His next challenge: how to get from the model to the invention. His definition: invention is not optimization of parameters, rather it is novel, change, new paradigm, case-sensitive (not a general theory). Great example of the difference between the solution to the problem of ski gondolas swinging in the wind—solve the differential equations or use TRIZ?

Short papers are very short at this conference—10 minutes deach, which provides an opportunity for the audience to decide which authors to talk with. Godwin Ekong from U. Sussex used TRIZ to develop concepts for control of tip clearance in gas turbine high pressure compressors. TRIZ was used to simplify and sort the 400+ ideas generated by multiple other methods.

Giuseppe Carignani tantalized us with “Matching and merging TRIZ and Post-TRIZ evolutionary theory of technological change. “ He started with Konrad Lorenz’s Nobel lecture about parallel evolution of complex organs in different species (such as eyes in octopus and mammals), and asked about the evolution of TRIZ itself. He used the classical invention of the safety razor and showed how a TRIZ separation principle invention could be reinterpreted as a functional shift (feathered dinosaurs, etc.) He suggests that post-Altshuller TRIZ can take advantage of modern biological evolutionary theory.

Darin Moreira from Intel in Penang, Malaysia, showed the complementary use of TRIZ with Lean methods to prevent component misplacement in the tape and reel process of pan applied to the ckaging and shipping integrated circuits. 2-4 million units a week are being processed, with up to 25 tool stoppages per day. Lean was used to guide the observations of the full problem situation, then develop a full cause/effect chain analysis. TRIZ was then used to create a function model that made clear the opportunities for change, and straight-forward use of the contradiction matrix and principles give them 3 ideas for problem prevention. (Principle 10 applied to 3 areas of the system.) First test results show no defects, with a saving of US$half million per quarter. The audience a discussion that continued later at the break, of whether the solutions could have been found without TRIZ—Darin countered that they had worked on this problem for a number of years without finding the simple, elegant TRIZ solutions.

Toru Nakagawa from Japan presented “Problem solving in everyday life: On methods and tools for weeding.” The problem may be everyday, but the solution requires the same kind of understanding of the situation as any technical problem, which revealed 5 primary purposes, of weeding (beauty, preparing for crops, etc.) multiple strategies and multiple methods for each strategy, and multiple tools (and multiple energy sources!) for each method.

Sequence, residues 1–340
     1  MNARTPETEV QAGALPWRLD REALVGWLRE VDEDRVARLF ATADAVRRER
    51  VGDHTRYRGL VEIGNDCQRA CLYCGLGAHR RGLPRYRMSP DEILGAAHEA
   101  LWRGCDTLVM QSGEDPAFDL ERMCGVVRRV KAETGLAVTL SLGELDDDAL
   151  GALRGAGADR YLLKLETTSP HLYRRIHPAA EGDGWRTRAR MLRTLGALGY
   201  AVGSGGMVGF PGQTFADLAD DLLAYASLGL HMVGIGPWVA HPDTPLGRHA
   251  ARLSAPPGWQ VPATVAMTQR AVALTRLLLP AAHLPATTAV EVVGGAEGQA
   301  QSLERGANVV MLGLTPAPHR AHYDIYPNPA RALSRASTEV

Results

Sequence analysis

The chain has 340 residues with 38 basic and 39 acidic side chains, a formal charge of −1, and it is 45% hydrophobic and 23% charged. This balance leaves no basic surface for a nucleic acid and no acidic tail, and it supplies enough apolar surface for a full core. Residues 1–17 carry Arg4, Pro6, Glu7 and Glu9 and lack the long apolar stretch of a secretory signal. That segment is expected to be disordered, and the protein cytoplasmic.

Yael Helfman Cohen challenged ETRIA with “what can we learn from biological systems when applying the laws of system completeness?” She started with a comparison of biological and technical systems and a context-dependent definition of system (the organism), subsystem (internal parts) and supersystem (environment.) They created a set of questions for the elements of the complete system to make it easier to identify the elements in biological systems. Both the working unit and the control unit can be environmental or internal to the system. Environmental control is positive feedback, non-environmental is negative feedback. The classical lotus leaf self-cleaning system was shown, with the energy being chemical/adhesion, engine and transmission are both epidermal protrusions, the working unit is the water droplet, and the control is positive feedback (the process continues as long as there are both particles and water.) The gecko feet show negative feedback: Energy is van der Waals force, engine and transmission are hairs on the feet, the working unit is the surface of the hairs, and the control is the gecko’s nervous system which guides the leg. Future research will look at which of these elements changes through evolution, and what lessons these changes may have for technical systems.

Ido Lapidot asked the audience to help him think about issues that might change our thinking about TRIZ in “Evolution, Predictability, Lamarck, Altshuller, Darwin and Chaos.” What makes systems move toward ideality? He suggested that Darwinian evolution depends on random variation with the environment making the survival of certain variants more probable, while Lamarckian evolution says that the needs of the environment cause evolution of traits, and that TRIZ evolution is more like the (discredited) Lamarck model. His candidate explanations are (1) convergent evolution, which occurs in the presence of strong environmental restriction forces and (2) Chaos/dynamic systems behaviors. The biologically-oriented and physically-oriented audience members had a variety of reactions (including my own suggestion that he look at the selection method as being reduction of entropy because of human decision processes.)

Concluding speaker for the session was Alessandro Baldussu, “About integration opportunities between TRIZ and biomimetics for inventive deisgn.” He used both the OTSM function model (a variant of Subject-action-object) and the NIST model, compared to the taxonomy of biological functions. Search methods were compared for exact match, match requiring human re-interpretation, and no match. All 3 databases require some changes before an automated search can be implemented.

The afternoon scientific session started with Denis Cavallucci’s report on the current work by his graduate students developing IDM TRIZ. He cited several limitations of classical TRIZ:

  1.  gathering the info about the system
  2. Contradictions: TRIZ solves one, real situations have many
  3. Contradictions: no methodology to define/disclose the right contradiction, reproducible result
  4. Glossary, ontology, logical links between triz components missing.
“We need to disambiguate TRIZ” was the conclusion, and he outlined the work to be done by INSA and its industrial partners. They are analyzing vast amounts of patent data, looking at 21 different aspects of research using a semi-automated method of extracting the relevant patents which is now being tested.